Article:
Utilities Running Scared?
I cannot believe that the top executives of nearly all our large U.S. power companies are running scared and avoiding investment in new, efficient gas-fired generation facilities due to the deregulation activity of our federal and state governments.
They seem to only be interested in investments in distant-states’ utility franchise territories or foreign facilities, which will absorb too much of their management staff’s available time and produce questionable results due to the unpredictable wide swings in currency evaluations.
Why can’t these major business organizations, with all their assets and capabilities, compete with other independent power producers in their home area? Are they not capable of obtaining financing for the facilities at as good, or better, interest rates? Are they not capable of planning the new installations of distributed generation facilities in their most strategically needed areas? Do they think it will be satisfactory to just down-size their organizations to become a transmission company?
Are they not aware of the most efficient designs of systems and equipment to achieve their desired operating cost goals? Isn’t it obvious that the most efficient and reliable equipment, as made in the U.S., is just as available to them, and when coupled with a combined steam cycle and thermal storage to chill the inlet air during hot weather, is the least-cost concept? Can’t they buy and site this equipment as well, or better, than an IPP or a major utility subsidiary infringing on their territory?
Isn’t all this indecision only leading to a potential future power generation supply problem for the entire nation? Or is it not a future problem, but perhaps a present problem, judging from our recent summer outage statistics?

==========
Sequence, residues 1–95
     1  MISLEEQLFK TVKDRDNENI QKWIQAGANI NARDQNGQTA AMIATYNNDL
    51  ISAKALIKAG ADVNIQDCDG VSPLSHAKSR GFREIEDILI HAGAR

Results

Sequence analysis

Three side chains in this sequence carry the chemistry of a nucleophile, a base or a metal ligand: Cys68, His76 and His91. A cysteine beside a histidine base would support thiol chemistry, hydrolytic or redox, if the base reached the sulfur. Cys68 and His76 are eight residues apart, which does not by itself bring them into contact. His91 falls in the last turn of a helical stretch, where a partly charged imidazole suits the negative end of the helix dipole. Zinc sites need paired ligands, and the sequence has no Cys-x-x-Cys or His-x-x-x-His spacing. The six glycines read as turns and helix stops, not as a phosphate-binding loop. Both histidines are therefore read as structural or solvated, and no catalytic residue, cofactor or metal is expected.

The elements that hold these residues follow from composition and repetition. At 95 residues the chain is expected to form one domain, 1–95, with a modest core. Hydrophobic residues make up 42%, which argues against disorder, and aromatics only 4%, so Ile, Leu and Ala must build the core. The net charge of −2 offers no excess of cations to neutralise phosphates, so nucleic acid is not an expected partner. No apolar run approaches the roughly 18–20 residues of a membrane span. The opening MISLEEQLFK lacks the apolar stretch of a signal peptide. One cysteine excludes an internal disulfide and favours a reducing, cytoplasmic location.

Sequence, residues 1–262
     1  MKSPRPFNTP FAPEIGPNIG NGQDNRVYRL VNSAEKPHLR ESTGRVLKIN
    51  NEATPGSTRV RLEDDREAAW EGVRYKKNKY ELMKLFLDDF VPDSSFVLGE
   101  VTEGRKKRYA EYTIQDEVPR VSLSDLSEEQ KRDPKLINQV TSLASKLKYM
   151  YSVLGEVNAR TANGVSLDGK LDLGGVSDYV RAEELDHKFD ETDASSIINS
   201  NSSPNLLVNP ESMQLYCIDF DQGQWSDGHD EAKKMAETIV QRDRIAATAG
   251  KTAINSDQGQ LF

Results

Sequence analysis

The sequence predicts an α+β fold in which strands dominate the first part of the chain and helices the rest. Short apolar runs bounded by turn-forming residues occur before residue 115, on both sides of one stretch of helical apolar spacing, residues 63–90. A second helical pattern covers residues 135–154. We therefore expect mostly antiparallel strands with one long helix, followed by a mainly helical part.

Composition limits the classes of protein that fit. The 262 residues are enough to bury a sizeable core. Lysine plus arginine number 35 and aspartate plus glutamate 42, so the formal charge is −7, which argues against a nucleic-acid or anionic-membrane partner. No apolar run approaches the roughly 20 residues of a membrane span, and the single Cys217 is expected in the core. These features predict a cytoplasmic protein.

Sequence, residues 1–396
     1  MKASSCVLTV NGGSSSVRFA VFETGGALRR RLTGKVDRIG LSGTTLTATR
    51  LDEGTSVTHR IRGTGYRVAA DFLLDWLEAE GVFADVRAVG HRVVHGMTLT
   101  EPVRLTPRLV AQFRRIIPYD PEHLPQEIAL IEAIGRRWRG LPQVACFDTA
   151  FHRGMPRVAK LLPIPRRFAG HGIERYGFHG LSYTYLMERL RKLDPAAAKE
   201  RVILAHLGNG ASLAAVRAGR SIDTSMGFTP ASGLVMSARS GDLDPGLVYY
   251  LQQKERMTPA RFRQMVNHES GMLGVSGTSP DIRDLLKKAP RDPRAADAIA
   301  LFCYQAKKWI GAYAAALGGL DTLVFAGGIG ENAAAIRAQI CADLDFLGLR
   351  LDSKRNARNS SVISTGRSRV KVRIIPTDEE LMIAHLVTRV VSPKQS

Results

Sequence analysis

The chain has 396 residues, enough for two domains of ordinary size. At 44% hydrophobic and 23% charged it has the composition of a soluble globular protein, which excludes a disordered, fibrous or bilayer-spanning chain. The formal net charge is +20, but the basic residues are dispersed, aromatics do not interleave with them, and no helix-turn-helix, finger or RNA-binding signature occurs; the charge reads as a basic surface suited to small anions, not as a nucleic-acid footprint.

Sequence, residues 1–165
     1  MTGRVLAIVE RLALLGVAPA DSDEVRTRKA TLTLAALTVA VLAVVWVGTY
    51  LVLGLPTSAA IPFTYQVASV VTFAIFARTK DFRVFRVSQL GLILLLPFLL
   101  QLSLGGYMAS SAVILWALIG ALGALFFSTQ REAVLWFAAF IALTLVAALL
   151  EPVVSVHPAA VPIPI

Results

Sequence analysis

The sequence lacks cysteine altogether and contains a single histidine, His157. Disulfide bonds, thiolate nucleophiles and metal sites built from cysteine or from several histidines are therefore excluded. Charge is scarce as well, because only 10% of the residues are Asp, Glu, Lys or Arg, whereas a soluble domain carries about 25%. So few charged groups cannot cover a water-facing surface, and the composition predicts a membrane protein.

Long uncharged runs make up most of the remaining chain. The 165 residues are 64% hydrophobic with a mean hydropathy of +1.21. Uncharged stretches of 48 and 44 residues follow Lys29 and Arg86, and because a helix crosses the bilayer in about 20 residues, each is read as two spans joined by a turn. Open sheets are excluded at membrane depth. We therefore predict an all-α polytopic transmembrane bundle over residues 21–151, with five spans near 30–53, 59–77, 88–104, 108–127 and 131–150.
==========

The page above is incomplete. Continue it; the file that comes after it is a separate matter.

It also will be a financial problem for these executives and their utilities, in the near term, unless they change their direction!
Robert E. Cates,
President, R.E.C. Associates Ltd.
It appears that you are not familiar with the features of the Crockett Cogeneration Project. The 240 MW project, located adjacent to the C&H Sugar Refinery in Crockett, Calif., has been operational since June 1996. It has been dispatched off-and-on daily on a regular basis for 2+ years. That should make it the first fully dispatched qualifying facility in the United States, contrary to what was claimed for the Kathleen, Ga. facility in your feature article in the December 1999 issue of Power Engineering. Not only is the Crockett project dispatched daily, it is also used by PG&E for load following, a feature that was not claimed by the Kathleen facility.
F. D. Wareham,
Former President, ESOCO Crockett Inc.,
Crockett Cogeneration Facility Operator
Mediation Key to EPA Lawsuits
In regard to your magazine’s January opinion piece and feature article describing the recent EPA lawsuit against seven utilities for alleged Clean Air Act violations, I wish to suggest an alternative solution to assist in resolving this major controversy in our industry.
As an engineer-mediator with 30 years engineering and management experience in the power industry, I know that where bad faith and semantics are involved, the most timely and cost-effective solution is to regroup and review the situation from a mediated perspective. The disputants can still agree to mediation as a collaborative problem-solving process to allow each party to state individual interests and ultimately find common interest as a basis for settlement.
The mediation process lends itself to this approach and often provides consensual resolution each party can live with.
Furthermore, by order of a memorandum issued by President Clinton on May 1, 1998, the EPA as a federal agency is encouraged to pursue consensual methods for resolution of disputes. Of course, it takes two to “party,” and the utilities and the individual states who have joined the fray must also be agreeable to enter into the non-binding mediation process. Needless to say, we are all stakeholders in improving the air quality.
Joe Grynbaum, PE,
Mediation Resolution International
W. Hartford, Conn.